I wish I could knock on each front door in the neighborhood, all 44, and tell the people inside stories of the place they call home. Not tales of their house, per se, but of the rolling hills that once were pastures and wooded ridges and of the flat space that was a backyard leading to an unpainted, groaning barn filled with fragrant hay and impatient cows. I'd love to tell them about a farm pond teeming with hand-sized bream and about an old white farmhouse with oak and hickory smoke curling out its chimney .
Those pastures are where I learned to drive an old Army Jeep and, in the summers, where I sweated and scratched while tossing golden hay bales onto a trailer. Once, on a cold winter night, the pasture became a Labor & Delivery unit as I helped Daddy with a calf coming breech. He tied a nylon rope to the calf's foot and attached the other end to the bumper of my Mother's Chevrolet Suburban, and then he trusted me to "ease out nice and slow, Son, and stop when I yell." The calf was up and nursing the next morning, but I'm pretty sure that Mama Cow never let her guard down when she saw that Suburban passing by.
Many a Fall morning and evening I spent on those ridges with Daddy and my older brother, all of us craning our necks to peer into the treetops to spy a bushy tailed squirrel. That's where I learned to shoot and to hunt, and fifty years later I still carry the lessons of safety and responsibility Daddy ingrained into me. I still cherish the gift of simply sitting quietly beside my Father and of hearing him tell me, "That's the way to shoot, Boy!"
That backyard was my stadium. My little sister and I played football there, our faithful dog Polly joining us, and there I hit about as many home runs as Hank Aaron did up in Atlanta. I'd toss the ball into the air, whack it good, and round the bases. In the Fall, we collected pecans from the trees in the backyard and Mama chopped them up and baked them in her famous brownies. One more batch, just one more batch . . .
The barn was a place of fascination and morbid dread. Mice, and a few wharf rats, called it home, and I was desperately terrified of both. But duty demanded I face my fears and venture inside to feed the hungry livestock. One of my greatest lessons of life came when I forgot to feed one afternoon. What could it hurt missing just one time? I figured.
"Those cows sound hungry," Daddy said after he climbed the stairs to my room, well after I'd turned in for the night. "But I know they can't be since you fed them this afternoon. Wonder what's got them so worked up?"
Confession didn't lead to a whipping or to grounding, even to a tongue lashing. Crawling out of bed, getting dressed, and skulking to the barn was a sermon in itself, one I've not forgotten to this day.
A farm pond filled with fish is worthless if a boy doesn't spend a little time on the bank or in the boat with his Father, even if the man was a terrible fisherman. Daddy, you see, couldn't catch a fish, but fortunately I reeled 'em in like clockwork. He'd ask me to hold his pole while he tended to some business or another and, within seconds of me taking it, I'd have a fish hooked and headed for the frying pan. I always felt sorry for Daddy but, looking back, I recall that he sure seemed to smile a lot when I was filling up the basket.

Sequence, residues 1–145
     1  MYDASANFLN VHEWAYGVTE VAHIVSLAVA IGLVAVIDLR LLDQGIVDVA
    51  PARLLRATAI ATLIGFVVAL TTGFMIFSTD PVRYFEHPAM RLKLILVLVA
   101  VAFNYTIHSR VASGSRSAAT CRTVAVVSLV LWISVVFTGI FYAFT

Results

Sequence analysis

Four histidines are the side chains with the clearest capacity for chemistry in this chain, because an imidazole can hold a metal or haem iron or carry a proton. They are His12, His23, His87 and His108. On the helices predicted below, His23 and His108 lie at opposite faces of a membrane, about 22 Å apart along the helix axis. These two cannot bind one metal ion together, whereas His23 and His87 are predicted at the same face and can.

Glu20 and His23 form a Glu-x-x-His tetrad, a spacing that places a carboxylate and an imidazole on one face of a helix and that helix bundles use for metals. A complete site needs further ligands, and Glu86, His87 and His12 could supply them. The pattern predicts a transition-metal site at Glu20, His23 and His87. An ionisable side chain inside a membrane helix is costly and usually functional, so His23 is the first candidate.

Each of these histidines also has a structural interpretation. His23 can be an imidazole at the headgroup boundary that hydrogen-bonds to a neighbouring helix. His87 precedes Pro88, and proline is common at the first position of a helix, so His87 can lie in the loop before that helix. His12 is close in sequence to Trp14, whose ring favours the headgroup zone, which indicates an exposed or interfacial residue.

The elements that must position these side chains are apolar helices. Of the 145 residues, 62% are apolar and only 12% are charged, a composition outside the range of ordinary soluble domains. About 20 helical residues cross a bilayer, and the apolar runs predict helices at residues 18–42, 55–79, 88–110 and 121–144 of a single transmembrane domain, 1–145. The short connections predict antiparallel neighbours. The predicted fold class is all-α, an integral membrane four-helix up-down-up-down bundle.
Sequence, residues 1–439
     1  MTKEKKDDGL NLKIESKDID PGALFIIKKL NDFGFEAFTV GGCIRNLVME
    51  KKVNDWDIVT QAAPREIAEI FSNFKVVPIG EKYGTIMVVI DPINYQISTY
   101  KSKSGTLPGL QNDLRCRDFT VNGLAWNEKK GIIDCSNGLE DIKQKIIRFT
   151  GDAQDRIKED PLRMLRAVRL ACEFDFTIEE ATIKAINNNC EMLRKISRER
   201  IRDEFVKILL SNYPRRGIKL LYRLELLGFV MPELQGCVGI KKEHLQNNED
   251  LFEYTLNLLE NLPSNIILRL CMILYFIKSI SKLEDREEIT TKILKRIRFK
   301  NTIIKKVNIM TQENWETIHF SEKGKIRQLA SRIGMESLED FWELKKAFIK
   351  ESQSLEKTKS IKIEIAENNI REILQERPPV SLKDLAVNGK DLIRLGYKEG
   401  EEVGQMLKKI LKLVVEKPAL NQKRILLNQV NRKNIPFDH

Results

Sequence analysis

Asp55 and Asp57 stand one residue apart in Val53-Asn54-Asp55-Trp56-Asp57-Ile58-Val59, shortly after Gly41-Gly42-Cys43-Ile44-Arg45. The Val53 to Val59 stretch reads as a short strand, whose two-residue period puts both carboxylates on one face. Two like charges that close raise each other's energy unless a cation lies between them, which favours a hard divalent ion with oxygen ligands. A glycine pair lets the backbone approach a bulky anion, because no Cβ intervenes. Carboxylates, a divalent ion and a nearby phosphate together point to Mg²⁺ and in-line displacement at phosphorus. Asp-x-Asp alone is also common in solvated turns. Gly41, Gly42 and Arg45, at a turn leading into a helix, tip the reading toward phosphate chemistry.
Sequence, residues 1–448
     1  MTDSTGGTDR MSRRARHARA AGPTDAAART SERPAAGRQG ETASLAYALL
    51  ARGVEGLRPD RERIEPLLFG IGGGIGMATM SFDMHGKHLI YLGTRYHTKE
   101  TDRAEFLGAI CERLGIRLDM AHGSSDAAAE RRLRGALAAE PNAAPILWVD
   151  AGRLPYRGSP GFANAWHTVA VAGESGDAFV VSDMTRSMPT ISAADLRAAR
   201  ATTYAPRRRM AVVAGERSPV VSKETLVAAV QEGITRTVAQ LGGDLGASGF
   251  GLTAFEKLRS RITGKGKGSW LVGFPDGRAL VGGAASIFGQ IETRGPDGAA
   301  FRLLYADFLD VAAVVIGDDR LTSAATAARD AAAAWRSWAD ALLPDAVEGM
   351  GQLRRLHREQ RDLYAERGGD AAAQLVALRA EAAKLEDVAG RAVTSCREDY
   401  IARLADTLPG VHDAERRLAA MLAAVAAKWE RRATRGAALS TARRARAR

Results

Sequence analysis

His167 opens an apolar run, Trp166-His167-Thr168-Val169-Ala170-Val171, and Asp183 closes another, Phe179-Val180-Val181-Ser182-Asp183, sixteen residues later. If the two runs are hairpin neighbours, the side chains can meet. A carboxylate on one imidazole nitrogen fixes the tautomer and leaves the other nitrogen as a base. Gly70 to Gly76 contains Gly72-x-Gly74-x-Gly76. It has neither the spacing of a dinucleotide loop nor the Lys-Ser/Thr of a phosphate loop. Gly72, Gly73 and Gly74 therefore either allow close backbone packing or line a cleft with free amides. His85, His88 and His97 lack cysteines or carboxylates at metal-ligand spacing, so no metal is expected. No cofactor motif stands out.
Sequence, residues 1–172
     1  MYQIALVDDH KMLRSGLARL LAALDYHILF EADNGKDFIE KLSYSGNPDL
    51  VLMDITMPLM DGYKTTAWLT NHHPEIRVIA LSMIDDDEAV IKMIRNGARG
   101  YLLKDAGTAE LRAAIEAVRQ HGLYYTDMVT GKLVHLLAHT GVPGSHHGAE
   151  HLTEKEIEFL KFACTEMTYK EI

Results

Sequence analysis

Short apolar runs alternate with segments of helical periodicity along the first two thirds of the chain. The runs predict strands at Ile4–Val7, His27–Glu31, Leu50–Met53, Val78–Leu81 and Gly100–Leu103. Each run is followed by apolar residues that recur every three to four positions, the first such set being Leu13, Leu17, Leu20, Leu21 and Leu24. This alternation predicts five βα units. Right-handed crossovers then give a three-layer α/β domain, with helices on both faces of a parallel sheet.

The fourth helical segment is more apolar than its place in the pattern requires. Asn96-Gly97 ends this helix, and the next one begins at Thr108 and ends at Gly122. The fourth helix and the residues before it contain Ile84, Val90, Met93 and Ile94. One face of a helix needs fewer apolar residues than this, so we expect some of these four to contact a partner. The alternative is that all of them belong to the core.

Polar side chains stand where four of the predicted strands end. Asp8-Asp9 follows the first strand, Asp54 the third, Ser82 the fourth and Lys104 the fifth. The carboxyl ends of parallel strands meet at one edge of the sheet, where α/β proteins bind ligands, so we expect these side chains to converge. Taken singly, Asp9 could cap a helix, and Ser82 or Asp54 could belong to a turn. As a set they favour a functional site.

What I wouldn't give to walk back inside that farmhouse, to catch a whiff of Mama's roast beef or chicken pie, or of cheese straws fresh out of the oven. How I'd love to fall asleep one more time in my upstairs room, the window open and the attic fan sucking a breeze past my bed while crickets and frogs and katydids and who knows what serenaded me. Just give me one more Thanksgiving dinner, one more country breakfast, one more supper of pig in the blankets or fried chicken or my Mama's cube steak .
I'd love to tell the new residents about shooting mistletoe out of the trees for Mama and about how she clipped branches from the big holly in the backyard and then decorated the house with them. Or about the delicious agony of Christmas Eve waiting and of the thrill of a frosty Christmas morning in the living room, a fire crackling and popping as I delighted in piles of wrapping paper and in the wonder of a shiny new bike, a football, a .410 shotgun.
Things have changed. The new folks in the neighborhood probably have no idea where the old house or the barn sat and I doubt a soul even thought about going squirrel hunting on Thanksgiving morning. There's no cows to feed and I'll guarantee you nobody performs a mechanized bovine obstetrical procedure this winter.
Yes, things are different, but their houses twinkle this Christmas and their trees sparkle as bright as ours ever did. Kids will still find it hard to fall asleep on Christmas Eve and the next morning, filled with wishes and dreams, they'll tiptoe down the steps and their parents will smile and laugh and revel in all the furor. New bikes will zip down the streets and I'll bet a few kids will gather to toss a new football. Maybe somebody will even find a new shotgun under the tree.
So, it's not completely different, and one thing surely hasn't changed, and never will. It's still all about a starry night, about a lowly manger, about God showing up in a dank and dingy stable.
A note about the picture above: The old farmhouse sat just beyond that stump in the foreground and the barn was a bit in front of the house on the right.
The pastures, and now the bulk of the neighborhood's homes,
lay to the far right, out of this picture.